According to a company spokesperson, Austrian operator A1 is still considering whether to set up a separate towers company, Der Standard reported. A final decision has not yet been made, the report added.
A1 explained that the potential sale of transmission masts would enable the active marketing of the passive infrastructure to other operators. This means that the masts could be rented by several network operators at the same time, which would enable more efficient management of the infrastructure.
A1 has established tower companies at some of its subsidiaries already. The company has been considering ways to better exploit the infrastructure since at least 2020.
In considering this move, A1 is yet another example of a growing trend in the telecommunications industry: spinning off network infrastructure to be managed by separate tower companies.
Managing existing network infrastructure is costly, and rolling out 5G, which requires more towers than previous technologies, is even more expensive. By handing off the responsibility for the physical towers to a separate company (or a subsidiary), the operator both frees up capital for reinvestment, while simultaneously ensuring that existing and new network infrastructure is managed and built out more cost-effectively.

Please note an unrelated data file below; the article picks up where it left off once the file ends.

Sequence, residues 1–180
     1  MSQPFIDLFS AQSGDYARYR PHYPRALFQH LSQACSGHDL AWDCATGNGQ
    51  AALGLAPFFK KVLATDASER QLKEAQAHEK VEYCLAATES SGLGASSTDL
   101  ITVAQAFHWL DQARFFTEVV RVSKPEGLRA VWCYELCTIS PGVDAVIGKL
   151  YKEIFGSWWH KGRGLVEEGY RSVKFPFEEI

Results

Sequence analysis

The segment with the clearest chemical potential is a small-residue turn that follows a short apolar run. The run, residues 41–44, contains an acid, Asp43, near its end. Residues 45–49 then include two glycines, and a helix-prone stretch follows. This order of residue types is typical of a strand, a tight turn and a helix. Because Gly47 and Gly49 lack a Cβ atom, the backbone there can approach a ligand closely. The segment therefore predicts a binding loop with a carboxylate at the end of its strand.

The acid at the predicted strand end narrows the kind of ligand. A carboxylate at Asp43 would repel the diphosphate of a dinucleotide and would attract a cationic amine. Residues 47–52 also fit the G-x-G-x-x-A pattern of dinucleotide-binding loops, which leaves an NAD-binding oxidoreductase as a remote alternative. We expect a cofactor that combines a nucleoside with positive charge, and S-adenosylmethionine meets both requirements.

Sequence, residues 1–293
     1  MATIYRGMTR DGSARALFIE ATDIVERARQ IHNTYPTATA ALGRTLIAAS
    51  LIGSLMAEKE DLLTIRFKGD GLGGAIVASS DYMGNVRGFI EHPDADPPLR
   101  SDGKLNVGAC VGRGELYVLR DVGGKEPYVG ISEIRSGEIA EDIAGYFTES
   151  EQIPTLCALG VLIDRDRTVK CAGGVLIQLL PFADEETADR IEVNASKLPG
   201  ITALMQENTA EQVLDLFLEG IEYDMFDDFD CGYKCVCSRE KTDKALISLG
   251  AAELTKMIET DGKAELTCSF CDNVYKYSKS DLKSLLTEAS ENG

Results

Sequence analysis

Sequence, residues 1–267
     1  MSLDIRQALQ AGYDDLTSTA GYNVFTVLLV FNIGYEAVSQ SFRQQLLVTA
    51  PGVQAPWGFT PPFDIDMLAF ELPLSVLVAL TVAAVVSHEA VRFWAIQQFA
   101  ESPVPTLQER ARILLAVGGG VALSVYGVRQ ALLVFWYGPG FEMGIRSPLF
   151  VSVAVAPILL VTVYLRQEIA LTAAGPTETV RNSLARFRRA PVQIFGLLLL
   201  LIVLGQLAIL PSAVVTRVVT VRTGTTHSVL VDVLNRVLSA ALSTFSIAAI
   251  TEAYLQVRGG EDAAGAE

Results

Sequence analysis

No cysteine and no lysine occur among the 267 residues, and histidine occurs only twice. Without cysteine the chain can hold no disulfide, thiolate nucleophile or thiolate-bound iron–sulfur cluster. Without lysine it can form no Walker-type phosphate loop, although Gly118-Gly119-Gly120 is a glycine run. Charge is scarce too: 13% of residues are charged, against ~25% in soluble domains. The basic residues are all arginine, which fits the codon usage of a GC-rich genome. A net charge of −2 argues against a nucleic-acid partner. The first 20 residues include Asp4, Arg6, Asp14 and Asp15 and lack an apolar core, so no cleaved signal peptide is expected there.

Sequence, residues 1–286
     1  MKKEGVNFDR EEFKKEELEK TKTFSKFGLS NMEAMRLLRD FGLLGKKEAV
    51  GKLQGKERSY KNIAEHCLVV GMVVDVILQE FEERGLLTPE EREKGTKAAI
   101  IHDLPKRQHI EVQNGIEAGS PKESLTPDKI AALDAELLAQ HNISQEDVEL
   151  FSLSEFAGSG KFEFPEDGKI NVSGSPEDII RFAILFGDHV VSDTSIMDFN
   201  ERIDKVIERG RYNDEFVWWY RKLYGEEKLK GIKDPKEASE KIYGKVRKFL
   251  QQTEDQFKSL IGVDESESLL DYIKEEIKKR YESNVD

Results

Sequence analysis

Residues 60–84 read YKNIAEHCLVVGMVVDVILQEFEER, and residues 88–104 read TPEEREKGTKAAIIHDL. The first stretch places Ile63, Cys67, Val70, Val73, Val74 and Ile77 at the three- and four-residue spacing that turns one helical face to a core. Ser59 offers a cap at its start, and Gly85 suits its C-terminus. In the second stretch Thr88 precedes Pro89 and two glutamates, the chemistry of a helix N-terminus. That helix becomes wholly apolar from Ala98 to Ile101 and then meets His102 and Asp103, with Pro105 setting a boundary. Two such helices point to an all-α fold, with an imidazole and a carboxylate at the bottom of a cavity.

An additional benefit to selling tower infrastructure is that it would allow for the leasing of passive infrastructure to multiple network operators, as well as the possibility for a more efficient development of future infrastructure, which improves network coverage for all.
Overall, this practice appears to be a win-win for everyone involved. Given the widespread benefits of creating separate tower companies to manage network infrastructure, we expect to see more operators in Europe continue to move in this direction.